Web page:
Many emails ensued, seeing as we had colour-tweaking scheduled for Wednesday morning and Guy was only going to be in Toronto for a brief window of opportunity (busy man that he is). In the end, it all worked out, but it demonstrates how sometimes the rollercoaster tracks need switching at the last minute, the carriage (and its passengers) slowed (or alternately quickened) to avoid calamity.

Post production is a living, organic process where even the smallest fractures in the track can prove hazardous to the whole.

Post Production Basics: Editing, Editor & Picture Lock

I suppose I should clarify some terms I use as we go along, for those who may not understand some of the lingo.

Editing is a general term which tends to specifically refer to Picture Editing. In the words of one of the godfathers of cinema, Sergei Eisenstein, editing is the only art form native to filmmaking. Camerawork is inherited from photography. Acting, sets, costume, make-up: all inherited from theatre.

Every edit is a decision, made by the Editor - sometimes with guidance from the director or producer, other times unilaterally. During production, the editor receives a daily bounty of footage from the previous day’s shoot - these are conveniently called dailies or rushes (the latter because there is often intense pressure to see the footage). The editor assembles the previous day’s scenes throughout the shoot, ultimately working alongside the director after the production has wrapped (or ended).

Every editing schedule is different, but there is generally a Rough Cut, a Fine Cut, and then Picture Lock. Picture Lock (or “locking picture”) is when the editor and director are happy with the film and stop editing (or at least that’s what happens on nice productions like this one). Once picture is locked, it is a signal to the rest of the post production supply chain that the bulk of their work is about to begin. The editor now creates EDLs (edit decision lists): these are electronic files which capture the in and out-points of the locked picture edit. These EDLs are sent to the picture-finishing house (in our case, Technicolor) and the audio design team (as mentioned, Tattersall Sound & Picture). They will proceed to build the show from the master picture and sound elements from production, using the in and out-points in the EDL as a guide.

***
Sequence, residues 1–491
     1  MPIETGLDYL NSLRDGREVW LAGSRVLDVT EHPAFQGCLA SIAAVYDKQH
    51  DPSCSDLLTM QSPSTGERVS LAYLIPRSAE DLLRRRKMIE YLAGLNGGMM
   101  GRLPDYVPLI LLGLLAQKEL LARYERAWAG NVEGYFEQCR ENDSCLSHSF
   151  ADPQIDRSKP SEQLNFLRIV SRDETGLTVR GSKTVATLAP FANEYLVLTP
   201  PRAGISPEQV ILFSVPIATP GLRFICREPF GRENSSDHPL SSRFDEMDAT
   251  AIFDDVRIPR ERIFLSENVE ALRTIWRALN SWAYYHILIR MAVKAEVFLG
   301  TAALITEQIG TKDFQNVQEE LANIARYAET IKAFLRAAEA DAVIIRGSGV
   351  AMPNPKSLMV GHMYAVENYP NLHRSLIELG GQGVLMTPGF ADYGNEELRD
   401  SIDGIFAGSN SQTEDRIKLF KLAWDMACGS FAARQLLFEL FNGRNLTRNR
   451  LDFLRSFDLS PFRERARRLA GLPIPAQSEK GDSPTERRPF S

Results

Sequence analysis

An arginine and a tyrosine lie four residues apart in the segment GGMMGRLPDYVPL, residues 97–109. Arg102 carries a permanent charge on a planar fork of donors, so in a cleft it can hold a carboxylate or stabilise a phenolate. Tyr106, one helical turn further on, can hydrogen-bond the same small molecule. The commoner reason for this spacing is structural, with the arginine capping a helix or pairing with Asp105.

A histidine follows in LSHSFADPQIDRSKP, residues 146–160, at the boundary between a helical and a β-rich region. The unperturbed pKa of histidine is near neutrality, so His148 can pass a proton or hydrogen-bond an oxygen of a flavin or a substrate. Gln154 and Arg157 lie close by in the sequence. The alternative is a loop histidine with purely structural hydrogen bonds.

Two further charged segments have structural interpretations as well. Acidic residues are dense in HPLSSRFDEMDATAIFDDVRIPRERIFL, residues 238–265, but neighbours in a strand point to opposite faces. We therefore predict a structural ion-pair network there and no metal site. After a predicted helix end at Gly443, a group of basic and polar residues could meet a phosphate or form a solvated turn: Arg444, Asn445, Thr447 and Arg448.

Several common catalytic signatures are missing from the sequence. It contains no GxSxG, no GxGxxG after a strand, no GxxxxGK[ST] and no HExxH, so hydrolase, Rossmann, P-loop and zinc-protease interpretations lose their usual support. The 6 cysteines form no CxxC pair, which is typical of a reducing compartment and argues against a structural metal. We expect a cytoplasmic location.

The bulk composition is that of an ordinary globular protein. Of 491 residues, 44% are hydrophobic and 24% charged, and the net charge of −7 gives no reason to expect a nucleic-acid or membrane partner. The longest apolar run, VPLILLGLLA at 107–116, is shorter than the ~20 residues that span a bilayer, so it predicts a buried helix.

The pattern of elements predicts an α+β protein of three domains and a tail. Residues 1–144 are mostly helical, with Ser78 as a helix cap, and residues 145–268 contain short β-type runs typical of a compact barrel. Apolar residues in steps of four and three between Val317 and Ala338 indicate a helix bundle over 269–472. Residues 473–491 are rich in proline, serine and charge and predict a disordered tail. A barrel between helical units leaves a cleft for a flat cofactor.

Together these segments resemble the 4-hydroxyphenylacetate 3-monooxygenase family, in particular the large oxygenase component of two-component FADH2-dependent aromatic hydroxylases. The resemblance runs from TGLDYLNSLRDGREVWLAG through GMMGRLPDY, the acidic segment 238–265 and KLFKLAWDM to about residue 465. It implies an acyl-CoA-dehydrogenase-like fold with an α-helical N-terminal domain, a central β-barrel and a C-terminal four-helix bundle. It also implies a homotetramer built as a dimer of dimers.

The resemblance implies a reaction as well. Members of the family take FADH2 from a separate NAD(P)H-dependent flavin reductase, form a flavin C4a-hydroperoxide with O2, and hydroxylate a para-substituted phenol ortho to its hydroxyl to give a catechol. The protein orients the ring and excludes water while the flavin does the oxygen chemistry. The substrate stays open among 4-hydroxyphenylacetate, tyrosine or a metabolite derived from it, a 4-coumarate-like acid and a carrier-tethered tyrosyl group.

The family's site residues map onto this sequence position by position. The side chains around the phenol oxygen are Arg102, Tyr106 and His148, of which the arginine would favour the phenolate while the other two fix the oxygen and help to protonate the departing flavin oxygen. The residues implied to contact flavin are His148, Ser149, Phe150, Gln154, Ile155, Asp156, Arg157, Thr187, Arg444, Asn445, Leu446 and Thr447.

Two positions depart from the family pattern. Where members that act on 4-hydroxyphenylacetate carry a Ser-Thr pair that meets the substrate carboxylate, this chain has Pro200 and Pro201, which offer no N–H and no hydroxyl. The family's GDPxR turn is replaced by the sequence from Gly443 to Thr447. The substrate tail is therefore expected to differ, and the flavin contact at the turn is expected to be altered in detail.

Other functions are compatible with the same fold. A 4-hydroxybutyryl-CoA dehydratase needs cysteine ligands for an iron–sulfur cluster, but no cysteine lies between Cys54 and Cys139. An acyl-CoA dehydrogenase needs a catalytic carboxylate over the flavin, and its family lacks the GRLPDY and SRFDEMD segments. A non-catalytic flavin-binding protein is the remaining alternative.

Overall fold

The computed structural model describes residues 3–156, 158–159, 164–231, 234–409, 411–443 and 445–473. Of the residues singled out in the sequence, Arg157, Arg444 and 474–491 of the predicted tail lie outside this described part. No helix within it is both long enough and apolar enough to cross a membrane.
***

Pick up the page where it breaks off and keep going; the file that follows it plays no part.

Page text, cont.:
The Maddin-esque  view from my office window (Maddin-esque being a nice way to disguise my revulsion at what I hope to be our last snowy/freezing weekend of Spring 2011)

The Maddin-esque view from my office window (Maddin-esque being a nice way to disguise my revulsion at what I hope to be our last snowy/freezing weekend of Spring 2011)

Keyhole: Week One Summary

Editor John Gurdebeke has locked picture. Of course, the work isn’t over for him yet. He spent the week splitting and balancing the picture into what will become separate film reels, liaising with Technicolor (where the picture will be mastered and digitally output to film), and with the sound team at Tattersall Sound & Picture.

As of Monday, everyone should have what they need, including composer Jason Staczek, and so the magic of post production shall spread its wings beyond the dark confines of John’s edit room and a little closer to the rest of the world.

Next week: Guy’s in Toronto to discuss sound effects (!), colour-tweaking (it’s mostly b&w, so I use the word “colour” loosely) at Technicolor, and voice-over recording in Montreal. I will also endeavour to explain the cutting-edge (yet slightly unorthodox) post production workflow that Keyhole is using.

Who am I?

My name is Matt Cahill, and I’m a post production supervisor in Toronto. I am in charge of overseeing the disparate picture and sound processes, eventually guiding the project to delivery to the distributor. Most of the other film/TV projects I’ve worked on are listed here. I also teach a weekly class for Humber College.

When I’m not getting my hands dirty with film and TV, I write fiction. I’ve contributed non-fiction pieces to the site Ryeberg. I also have a blog.

Feel free to ask any questions about this production, the post production process, or stuff about film/TV. I will try to answer promptly.

Jason Patric as Ulysses Pick

Jason Patric as Ulysses Pick

What is “Keyhole”?

Keyhole is a new film by Guy Maddin, whose previous work includes The Saddest Music In The World and My Winnipeg. He has a definitive style and approach to filmmaking, as well as an unabashed love for (and encylopedic knowledge of) the medium. If you’ve never seen a Guy Maddin film, try this.

Keyhole stars Maddin accomplice, actor/director Isabella Rossellini, along with Jason Patric, and Udo Keir.

The story:

"A gangster and deadbeat father, Ulysses Pick (Patric), returns home after a long absence. He is toting two teenagers: a drowned girl, Denny, who has mysteriously returned to life; and a bound-and-gagged hostage, who is actually his own teenage son, Manners. Confused Ulysses doesn’t recognize his own son, but he feels with increasing conviction he must make an indoor odyssey from the back door of his home all the way up, one room at a time, to the marriage bedroom where his wife Hyacinth (Rossellini) awaits."

More soon, and rabidly!

Guy Maddin